Notice: For only £40 (down from £60), you can get the entire collection of over 3,000 ebooks, including around 900 that are no longer on the site. This offer will be for a limited time only.

↩ Ebooks

Theaetetus

Plato


Free download available in PDF, epub, and Kindle ebook formats. Skip down page to downloads.

Categories » All ebooks » Classics » Philosophy

See the front cover of this book (image will open in new tab)

Description

Theaetetus is one of Plato's dialogues concerning the nature of knowledge, written circa 369 BC. In this dialogue, Socrates and Theaetetus discuss three definitions of knowledge: knowledge as nothing but perception, knowledge as true judgement, and, finally, knowledge as a true judgement with an account. Each of these definitions is shown to be unsatisfactory. The dialogue is framed by a brief scene in which Euclides tells his friend Terpsion that he has a written record of a dialogue between Socrates and Theaetetus, which occurred when Theaetetus was quite a young man. This dialogue is then read aloud to the two men by a slave boy in the employ of Euclides.

Part of the Encyclopaedia Britannica’s Great Books of the Western World set.

This book has 95 pages in the PDF version. This translation by Benjamin Jowett was originally published in 1871.

Download for ereaders (below donate buttons)

Last week, around 33,000 people downloaded books from my site - 9 people donated. I really need your help to keep this site running. Please give a small donation - £1, $1 - anything helps. You don't need a PayPal or Stripe account and it only takes a minute.
The buttons below are set in British Pounds currency - click here if you would prefer to donate in USD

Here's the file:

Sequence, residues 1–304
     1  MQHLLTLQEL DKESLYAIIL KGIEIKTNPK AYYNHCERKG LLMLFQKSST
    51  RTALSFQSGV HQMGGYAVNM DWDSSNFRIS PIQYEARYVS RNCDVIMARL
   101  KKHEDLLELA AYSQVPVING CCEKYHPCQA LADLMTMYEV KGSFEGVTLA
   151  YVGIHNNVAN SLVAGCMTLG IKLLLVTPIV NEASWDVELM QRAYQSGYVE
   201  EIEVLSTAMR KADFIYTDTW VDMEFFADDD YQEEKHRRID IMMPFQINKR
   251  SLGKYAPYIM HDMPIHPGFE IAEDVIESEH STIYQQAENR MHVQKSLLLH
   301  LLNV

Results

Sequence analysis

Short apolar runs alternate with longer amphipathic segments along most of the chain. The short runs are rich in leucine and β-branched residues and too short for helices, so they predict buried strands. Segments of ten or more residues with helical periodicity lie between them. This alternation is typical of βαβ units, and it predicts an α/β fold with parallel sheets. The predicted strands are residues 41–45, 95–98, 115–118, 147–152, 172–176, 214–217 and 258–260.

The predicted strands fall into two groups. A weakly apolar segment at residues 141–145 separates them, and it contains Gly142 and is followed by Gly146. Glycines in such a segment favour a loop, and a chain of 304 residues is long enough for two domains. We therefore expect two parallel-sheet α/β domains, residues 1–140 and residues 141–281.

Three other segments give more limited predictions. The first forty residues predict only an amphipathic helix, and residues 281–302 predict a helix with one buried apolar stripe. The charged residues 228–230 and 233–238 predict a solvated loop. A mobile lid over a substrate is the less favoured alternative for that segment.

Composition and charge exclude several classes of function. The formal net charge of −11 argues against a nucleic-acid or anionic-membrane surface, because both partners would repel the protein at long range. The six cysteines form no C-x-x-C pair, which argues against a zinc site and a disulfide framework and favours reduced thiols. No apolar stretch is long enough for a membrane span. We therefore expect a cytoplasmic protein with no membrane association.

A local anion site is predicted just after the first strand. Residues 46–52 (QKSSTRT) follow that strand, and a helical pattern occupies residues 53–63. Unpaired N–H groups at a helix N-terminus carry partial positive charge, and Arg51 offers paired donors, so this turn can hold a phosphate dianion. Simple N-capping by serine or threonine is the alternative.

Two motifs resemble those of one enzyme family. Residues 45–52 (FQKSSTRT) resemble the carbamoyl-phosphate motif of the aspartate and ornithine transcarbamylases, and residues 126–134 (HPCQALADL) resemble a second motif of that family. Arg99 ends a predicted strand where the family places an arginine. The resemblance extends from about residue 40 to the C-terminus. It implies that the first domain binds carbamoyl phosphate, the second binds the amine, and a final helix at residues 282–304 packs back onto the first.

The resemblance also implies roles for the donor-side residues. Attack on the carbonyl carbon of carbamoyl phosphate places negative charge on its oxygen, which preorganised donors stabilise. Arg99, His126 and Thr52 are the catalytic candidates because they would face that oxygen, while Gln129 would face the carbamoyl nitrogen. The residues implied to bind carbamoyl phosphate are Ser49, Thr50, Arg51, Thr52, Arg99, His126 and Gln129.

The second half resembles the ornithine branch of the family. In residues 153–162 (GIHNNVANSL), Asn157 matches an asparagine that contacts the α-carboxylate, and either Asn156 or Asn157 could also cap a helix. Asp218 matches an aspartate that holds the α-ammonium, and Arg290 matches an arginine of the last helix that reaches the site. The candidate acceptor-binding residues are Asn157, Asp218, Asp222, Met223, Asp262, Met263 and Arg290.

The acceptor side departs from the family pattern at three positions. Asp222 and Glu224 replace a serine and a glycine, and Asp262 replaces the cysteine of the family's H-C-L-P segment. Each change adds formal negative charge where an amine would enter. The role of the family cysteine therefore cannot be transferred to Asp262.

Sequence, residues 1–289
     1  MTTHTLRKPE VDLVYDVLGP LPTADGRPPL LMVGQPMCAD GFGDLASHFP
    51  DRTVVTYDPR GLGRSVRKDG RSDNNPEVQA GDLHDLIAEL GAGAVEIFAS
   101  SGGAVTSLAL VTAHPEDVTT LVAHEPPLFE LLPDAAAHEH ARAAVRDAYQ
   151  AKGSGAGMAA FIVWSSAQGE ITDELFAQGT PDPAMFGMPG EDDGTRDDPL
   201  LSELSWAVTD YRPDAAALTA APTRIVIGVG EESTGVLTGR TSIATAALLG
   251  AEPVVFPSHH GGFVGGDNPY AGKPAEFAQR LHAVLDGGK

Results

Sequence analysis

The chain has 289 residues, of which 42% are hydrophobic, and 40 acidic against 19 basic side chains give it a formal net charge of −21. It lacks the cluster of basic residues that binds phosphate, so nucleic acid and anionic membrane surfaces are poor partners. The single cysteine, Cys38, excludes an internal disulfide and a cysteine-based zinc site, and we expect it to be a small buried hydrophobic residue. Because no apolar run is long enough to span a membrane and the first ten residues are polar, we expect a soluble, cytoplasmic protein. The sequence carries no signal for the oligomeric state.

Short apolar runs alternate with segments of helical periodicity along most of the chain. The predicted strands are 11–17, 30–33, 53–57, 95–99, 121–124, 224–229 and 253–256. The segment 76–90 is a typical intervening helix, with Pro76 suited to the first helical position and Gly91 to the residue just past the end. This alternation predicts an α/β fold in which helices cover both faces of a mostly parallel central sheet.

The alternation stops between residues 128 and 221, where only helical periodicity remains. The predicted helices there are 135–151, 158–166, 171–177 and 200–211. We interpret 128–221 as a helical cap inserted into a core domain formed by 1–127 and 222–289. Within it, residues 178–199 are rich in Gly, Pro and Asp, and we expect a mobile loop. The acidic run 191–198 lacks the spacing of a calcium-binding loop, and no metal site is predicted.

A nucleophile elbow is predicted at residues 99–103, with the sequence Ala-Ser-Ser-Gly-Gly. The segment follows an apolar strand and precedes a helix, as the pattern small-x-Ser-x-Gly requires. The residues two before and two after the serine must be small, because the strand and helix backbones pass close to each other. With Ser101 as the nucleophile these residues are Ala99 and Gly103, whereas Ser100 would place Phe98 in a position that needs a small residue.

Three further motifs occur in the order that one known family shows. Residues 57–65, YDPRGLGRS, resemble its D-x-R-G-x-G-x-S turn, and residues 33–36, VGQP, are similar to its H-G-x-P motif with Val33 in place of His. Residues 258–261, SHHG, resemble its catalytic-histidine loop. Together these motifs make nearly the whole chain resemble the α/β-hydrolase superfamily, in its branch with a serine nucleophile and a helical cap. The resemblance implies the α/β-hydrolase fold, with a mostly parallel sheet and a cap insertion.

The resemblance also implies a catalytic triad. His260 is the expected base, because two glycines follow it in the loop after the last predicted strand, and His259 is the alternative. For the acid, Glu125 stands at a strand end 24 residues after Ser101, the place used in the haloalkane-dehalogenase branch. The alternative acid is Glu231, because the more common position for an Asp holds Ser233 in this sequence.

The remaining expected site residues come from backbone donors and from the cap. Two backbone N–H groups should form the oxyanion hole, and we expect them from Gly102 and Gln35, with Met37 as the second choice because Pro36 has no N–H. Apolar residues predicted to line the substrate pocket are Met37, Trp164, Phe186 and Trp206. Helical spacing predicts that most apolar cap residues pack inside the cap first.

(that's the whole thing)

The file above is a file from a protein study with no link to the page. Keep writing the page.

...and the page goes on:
PDF   ePub   Kindle

Excerpt from 'Theaetetus'

Persons of the dialogue: Socrates; Theodorus; Theaetetus

Scene: Euclid and Terpsion meet in front of Euclid's house in Megara; they enter the house, and the dialogue is read to them by a servant.


Euclid. Have you only just arrived from the country, Terpsion?

Terpsion. No, I came some time ago: and I have been in the Agora looking for you, and wondering that I could not find you.

Euclid. But I was not in the city.

Terpsion. Where then?

Euclid. As I was going down to the harbour, I met Theaetetus-he was being carried up to Athens from the army at Corinth.

Terpsion. Was he alive or dead?

Euclid. He was scarcely alive, for he has been badly wounded; but he was suffering even more from the sickness which has broken out in the army.

Terpsion. The dysentery, you mean?

Euclid. Yes.

Terpsion. Alas! what a loss he will be!

Euclid. Yes, Terpsion, he is a noble fellow; only to-day I heard some people highly praising his behaviour in this very battle.

Terpsion. No wonder; I should rather be surprised at hearing anything else of him. But why did he go on, instead of stopping at Megara?

More free ebooks

Back to the top ↑